PetSmart Begging for Treats

 | Nov 21, 2013 | 11:00 AM EST  | Comments
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Back in March I wrote that PetSmart (PETM) was in the doghouse. The company had just lowered guidance. The stock bottomed in the low $60s as management pointed toward a weak finish to fiscal year 2013.

But the stock saw a big rebound. The shares are up 20% since April 1, and investors are expecting Friday's fiscal third-quarter report to at least match lowered guidance. For the October quarter, the company has guided to revenue of $1.7 billion and earnings per share of $0.86. That works out to 4.4% revenue growth. For the full year, the company is expected to report sales of $6.973 billion, up 3.2%, and for earnings of $3.96 per share.

If the company matches guidance -- and if it does not lower fourth-quarter estimates -- this year's growth will amount to half of last year's rate. The company has cut its comparable-store-sales forecast to between 2.2% and 2.5%, down from the prior range of 3% to 4%. What happened? PetSmart used to be a reliable high-single-digit grower.

Last month at the annual analyst meeting, management talked a lot about resetting some parts of the store. Hard goods, for example, needed to be reorganized with new fixtures and signage. New brands and new assortments of existing brands are needed to grow the shopping basket. Because it's losing sales to lower-priced Internet retailers, the company is focused on driving sales with differentiated products. Items like leashes, toys, grooming supplies and flea and tick products have become a low-margin battleground.

Sales in the specialty pet department are also undergoing changes. In order to drive "new pet acquisition," PetSmart has partnered with National Geographic to brand guinea pigs and bearded dragon starter kits. In an effort to increase customer loyalty, the company continues to build out its proprietary brands of dog food and specialty items.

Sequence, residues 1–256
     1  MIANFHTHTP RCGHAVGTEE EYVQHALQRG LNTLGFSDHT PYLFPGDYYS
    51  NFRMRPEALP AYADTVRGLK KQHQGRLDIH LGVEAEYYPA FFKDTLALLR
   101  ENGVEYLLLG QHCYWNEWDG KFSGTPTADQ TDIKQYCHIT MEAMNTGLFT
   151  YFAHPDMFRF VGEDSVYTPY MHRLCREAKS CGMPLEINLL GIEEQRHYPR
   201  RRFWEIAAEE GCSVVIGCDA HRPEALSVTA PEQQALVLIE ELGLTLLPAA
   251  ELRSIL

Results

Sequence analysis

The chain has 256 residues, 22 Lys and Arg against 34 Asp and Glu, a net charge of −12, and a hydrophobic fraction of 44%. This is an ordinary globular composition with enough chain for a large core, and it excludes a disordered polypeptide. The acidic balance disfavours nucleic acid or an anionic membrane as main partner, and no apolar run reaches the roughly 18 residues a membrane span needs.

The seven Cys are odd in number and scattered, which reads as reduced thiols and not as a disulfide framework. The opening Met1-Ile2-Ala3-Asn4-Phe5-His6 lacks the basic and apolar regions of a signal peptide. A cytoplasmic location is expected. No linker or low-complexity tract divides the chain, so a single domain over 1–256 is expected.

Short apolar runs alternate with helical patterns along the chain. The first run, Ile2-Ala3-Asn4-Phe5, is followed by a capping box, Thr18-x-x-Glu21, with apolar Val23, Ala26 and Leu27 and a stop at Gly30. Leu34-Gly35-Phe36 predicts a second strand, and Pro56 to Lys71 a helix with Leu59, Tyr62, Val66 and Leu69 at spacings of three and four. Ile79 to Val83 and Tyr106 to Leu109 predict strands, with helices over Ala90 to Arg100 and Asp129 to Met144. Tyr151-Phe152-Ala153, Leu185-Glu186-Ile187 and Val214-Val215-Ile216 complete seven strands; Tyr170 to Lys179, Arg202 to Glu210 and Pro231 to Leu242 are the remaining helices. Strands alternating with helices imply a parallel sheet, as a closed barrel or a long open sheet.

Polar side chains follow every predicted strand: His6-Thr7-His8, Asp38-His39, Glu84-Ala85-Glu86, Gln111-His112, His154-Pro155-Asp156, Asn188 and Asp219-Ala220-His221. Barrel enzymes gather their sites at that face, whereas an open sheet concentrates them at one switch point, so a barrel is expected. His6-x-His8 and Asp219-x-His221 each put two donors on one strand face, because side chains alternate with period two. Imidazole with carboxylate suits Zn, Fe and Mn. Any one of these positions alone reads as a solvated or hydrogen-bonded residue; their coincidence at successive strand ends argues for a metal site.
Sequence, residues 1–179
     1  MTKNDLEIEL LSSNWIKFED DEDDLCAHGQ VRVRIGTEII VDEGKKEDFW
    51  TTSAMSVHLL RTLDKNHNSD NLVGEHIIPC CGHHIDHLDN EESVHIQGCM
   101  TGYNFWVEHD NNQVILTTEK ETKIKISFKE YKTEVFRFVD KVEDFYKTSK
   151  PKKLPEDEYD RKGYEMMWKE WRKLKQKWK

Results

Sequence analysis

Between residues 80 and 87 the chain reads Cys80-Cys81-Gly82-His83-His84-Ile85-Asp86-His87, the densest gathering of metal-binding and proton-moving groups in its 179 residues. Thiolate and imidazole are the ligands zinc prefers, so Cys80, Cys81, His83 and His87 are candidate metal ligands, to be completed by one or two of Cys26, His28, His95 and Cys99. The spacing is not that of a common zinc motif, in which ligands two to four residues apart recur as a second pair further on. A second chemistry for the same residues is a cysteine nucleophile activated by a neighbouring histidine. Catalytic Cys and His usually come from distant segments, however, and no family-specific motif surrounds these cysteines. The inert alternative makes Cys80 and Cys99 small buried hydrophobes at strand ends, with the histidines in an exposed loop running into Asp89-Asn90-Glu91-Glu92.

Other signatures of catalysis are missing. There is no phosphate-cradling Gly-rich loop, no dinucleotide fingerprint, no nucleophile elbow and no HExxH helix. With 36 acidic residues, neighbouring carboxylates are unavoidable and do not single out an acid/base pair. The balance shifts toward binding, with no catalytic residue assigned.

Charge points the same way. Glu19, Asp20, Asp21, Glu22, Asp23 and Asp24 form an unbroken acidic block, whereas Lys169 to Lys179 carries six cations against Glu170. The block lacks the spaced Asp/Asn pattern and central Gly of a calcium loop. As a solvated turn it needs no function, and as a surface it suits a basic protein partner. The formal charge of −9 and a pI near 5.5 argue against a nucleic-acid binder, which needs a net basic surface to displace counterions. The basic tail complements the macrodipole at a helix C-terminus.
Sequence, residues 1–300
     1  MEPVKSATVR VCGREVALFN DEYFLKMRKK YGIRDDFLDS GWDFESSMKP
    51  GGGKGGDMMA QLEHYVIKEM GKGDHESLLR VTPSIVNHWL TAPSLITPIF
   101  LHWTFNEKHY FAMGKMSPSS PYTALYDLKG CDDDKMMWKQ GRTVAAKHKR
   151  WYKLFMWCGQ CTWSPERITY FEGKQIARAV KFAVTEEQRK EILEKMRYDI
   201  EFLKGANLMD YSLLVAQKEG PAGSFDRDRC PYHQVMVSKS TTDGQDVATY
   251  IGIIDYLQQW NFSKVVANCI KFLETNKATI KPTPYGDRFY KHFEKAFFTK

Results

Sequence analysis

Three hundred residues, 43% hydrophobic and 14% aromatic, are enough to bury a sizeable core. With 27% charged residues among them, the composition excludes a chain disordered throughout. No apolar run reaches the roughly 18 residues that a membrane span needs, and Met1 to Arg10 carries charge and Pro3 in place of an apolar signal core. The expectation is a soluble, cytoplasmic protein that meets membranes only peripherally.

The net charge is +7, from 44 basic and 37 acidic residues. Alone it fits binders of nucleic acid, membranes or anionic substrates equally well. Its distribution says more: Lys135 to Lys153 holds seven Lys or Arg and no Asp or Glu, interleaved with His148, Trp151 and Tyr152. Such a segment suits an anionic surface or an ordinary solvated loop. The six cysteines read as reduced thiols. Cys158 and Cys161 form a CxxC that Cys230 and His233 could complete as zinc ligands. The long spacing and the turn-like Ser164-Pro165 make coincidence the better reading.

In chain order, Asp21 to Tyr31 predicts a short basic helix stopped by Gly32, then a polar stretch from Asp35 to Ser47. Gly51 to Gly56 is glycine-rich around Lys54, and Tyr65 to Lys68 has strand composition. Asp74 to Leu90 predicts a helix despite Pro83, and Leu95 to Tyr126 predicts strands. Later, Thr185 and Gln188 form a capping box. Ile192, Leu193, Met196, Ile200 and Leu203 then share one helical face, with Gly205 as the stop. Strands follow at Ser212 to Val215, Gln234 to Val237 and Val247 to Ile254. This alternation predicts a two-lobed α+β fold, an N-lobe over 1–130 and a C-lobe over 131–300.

Management is also continuing to innovate by offering "creative" dog-grooming services. For instance, you have the option of dying your dog pink or offering seasonal grooming packages, such as dying your dog orange and dressing him up for Halloween.

In order to drive traffic into the stores, the company has embarked on an aggressive television and social media campaign. Redesigned emails are driving 30% higher clicks. The company tracks more than 35 million customers, and 90% of sales are linked to specific customers.

For fiscal 2013, the company expects to end the year with 57 net new stores. Among these, 20% are set to have the new "micro" store format.

Investors seem impressed with the changes and have bought the stock anticipating better results ahead. I'm not so sure. Year to date, the stock has massively underperformed the S&P 500. Unless management can reaccelerate the top line, I think the stock will stay in that doghouse.

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